W3C home > Mailing lists > Public > public-esw-thes@w3.org > February 2007

Re: [SKOS] languages and scripts

From: Jakob Voss <jakob.voss@gbv.de>
Date: Mon, 05 Feb 2007 19:46:02 +0100
Message-ID: <45C77B6A.6070006@gbv.de>
To: SKOS <public-esw-thes@w3.org>

Hi,

Looks like we stumbled upon the issue that scripts and languages are not
predefined but concepts of their own. :-)

Miles, AJ (Alistair) wrote:

> Firstly, an application may wish to distinguish between labels in
> different scripts, for display purposes. How is the script of a label
> to be represented in an RDF graph?
> 
> I found a standard list of script names [2], I believe for Japanese
> the values are as follows ..
> 
> * Hani (Kanji) 
> * Hira (Hiragana)
> * Kana (Katakana)
> * Latn (Latin)

Another example is Serbian that can be written in both cyrillic and
latin (the same applies for Greek, but for Serbian it more usual to use
both scripts as far as I know). See:

http://en.wikipedia.org/wiki/Serbian_Wikipedia
http://sr.wikipedia.org/sr-el/  (cyrillic)
http://sr.wikipedia.org/sr-ec/  (latin)

There is only one ISO-639-2 two-alpha-code ("sr") but there are two
ISO-639-2 three-alpha-code ("scc" and "srp").

The differences between Japanese scripts are not encoded in the current
ISO-639 but in ISO 15924:

500 Kanji
410 Hiragana
411 Katakana
412 alias for Hiragana + Katakana
413 Japanese (alias for Kanji + Hiragana + Katakana)

You see this is also not the absolute solution.

> I then had a look at RFC 3066 [3] to see if the script names could be
> used within language tags. To paraphrase, [3] says that a language
> tag can be built up from any number of subtags separated by "-"
> character. If I've understood it correctly, the first subtag is
> supposed to be the language code (from ISO 639-1 or ISO 639-2 e.g.
> "en"), the second subtag is supposed to be a country code (from ISO
> 3166), and the third subtag can be anything you want. So e.g. you can
> have "sgn-US-MA" for Martha's Vineyard Sign Language, which is found
> in the state of Massachusetts, US.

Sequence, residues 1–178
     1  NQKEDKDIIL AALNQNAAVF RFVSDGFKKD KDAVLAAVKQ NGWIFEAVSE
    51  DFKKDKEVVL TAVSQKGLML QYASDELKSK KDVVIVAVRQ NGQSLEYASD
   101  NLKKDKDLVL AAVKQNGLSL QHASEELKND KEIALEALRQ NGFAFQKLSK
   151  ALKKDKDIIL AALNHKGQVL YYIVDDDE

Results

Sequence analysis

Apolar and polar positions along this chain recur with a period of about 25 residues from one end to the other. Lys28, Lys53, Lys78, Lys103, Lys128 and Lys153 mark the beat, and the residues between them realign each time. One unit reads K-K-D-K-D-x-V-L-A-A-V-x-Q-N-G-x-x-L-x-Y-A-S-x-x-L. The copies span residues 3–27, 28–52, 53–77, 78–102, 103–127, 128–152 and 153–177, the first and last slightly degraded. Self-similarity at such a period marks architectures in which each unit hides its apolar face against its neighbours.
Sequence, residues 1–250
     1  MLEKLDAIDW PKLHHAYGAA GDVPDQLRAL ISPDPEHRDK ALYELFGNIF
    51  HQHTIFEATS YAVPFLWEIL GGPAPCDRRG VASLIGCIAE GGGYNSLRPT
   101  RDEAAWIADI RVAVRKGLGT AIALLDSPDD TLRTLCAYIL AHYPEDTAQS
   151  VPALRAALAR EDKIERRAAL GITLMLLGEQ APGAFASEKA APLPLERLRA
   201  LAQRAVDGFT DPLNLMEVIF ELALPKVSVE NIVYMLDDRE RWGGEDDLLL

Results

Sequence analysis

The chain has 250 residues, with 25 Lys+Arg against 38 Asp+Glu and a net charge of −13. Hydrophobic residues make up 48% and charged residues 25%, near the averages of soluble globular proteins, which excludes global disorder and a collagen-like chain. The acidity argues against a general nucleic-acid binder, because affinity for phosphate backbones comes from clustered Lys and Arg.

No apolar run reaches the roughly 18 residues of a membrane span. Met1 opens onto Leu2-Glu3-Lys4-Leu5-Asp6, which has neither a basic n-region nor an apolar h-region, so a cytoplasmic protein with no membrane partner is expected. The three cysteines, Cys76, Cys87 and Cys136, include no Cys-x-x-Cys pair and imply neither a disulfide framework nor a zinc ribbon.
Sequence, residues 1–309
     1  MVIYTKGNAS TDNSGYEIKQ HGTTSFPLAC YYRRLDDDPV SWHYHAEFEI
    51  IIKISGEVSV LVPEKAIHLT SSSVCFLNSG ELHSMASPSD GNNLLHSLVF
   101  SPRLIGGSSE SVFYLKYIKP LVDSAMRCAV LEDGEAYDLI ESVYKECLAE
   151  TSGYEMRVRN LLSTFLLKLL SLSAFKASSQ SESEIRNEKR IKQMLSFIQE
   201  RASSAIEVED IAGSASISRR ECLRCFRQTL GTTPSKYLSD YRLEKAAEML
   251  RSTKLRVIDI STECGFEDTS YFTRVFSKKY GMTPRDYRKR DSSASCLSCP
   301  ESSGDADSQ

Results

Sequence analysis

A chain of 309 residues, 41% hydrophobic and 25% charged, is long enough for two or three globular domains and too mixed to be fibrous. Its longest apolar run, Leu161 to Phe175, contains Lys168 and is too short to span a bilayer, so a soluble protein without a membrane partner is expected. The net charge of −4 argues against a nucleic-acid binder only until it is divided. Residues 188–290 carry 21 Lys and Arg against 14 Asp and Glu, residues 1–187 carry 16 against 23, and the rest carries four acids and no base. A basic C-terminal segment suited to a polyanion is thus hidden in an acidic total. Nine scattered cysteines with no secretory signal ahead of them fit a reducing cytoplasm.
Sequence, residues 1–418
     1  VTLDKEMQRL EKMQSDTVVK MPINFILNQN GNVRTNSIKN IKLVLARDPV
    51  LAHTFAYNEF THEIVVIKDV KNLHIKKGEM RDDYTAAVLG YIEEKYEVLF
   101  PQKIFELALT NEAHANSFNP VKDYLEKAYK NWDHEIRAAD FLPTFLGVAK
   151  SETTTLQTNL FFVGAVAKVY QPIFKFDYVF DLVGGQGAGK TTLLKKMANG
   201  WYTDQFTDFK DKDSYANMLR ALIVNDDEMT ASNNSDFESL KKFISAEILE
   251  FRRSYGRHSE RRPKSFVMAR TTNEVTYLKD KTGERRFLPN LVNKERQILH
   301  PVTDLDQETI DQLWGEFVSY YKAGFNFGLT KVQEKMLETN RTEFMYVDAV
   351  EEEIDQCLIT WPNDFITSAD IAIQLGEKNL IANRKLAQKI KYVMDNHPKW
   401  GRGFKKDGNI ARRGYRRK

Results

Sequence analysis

That's right, but by creating a notation (sic) for the concept
"Martha's Vineyard Sign Language" you just used ambigous,
non-semantic-web technique. Isn't that what we want to overcome with SKOS?

> If it is possible to embed script names in language tags, then the
> representational issue can be resolved.

You irritation shows the drawback of using notations only - it is not
clear how they can be created and what they stand for. That's why RDF
was invented: don't use language codes but URIs! I must admin that there
is no official encoding of language and script codes in SKOS or other
RDF dialect - looks like a hen-and-egg problem to me ;-)

How about something like:

<!-- Definition of the language -->
<skos:Concept rdf:about="http://mylanguageregistry/#sgn-US-MA">
  <skos:notation>sgn-US-MA</skos:notation>
  <skos:label>Martha's Vineyard Sign Language</skos:label>
</skos:Concept>

<!-- Definition of the Concept -->
<skos:Concept rdf:about="myconcept">
  <skos:label rdf:resource="#myLabel"/>
</skos:Concept>

<!-- Definition of the Language -->
<skos:SymbolicLabel rdf:about="#mylabel">
  <skos:language rdf:resource="http://mylanguageregistry/#sgn-US-MA"/>
  <skos:media rdf:resource="http://videos/video-of-the-sign.avi"/>
</skos:Label>


> Secondly, this bears on the cardinality of the skos:prefLabel
> property. The SKOS Core Guide [5] currently says, "A concept should
> have no more than one preferred lexical label per language." However,
> when working with multiple scripts a concept scheme would need one
> preferred lexical label per language per script.

Like I said before the restriction on skos:prefLabel mixes the label's
role of identification and its role of display - these mixture of roles
should be avoided in the final SKOS standard.

> Thirdly, this is another scenario which gives rise to the need for
> expressing relationships between lexical labels. E.g. if a concept
> has both preferred and alternative labels in multiple scripts, an
> application might want to display equivalent labels from different
> scripts beside each other to aid with reading.

I'm afraid if you introduce labels as concept (like in my example above)
this will let users create a lot of blown up concept schemes but looks
like it cannot be avoided.

Greetings,
Jakob
Received on Monday, 5 February 2007 18:46:14 GMT

This archive was generated by hypermail 2.2.0+W3C-0.50 : Monday, 7 December 2009 10:38:55 GMT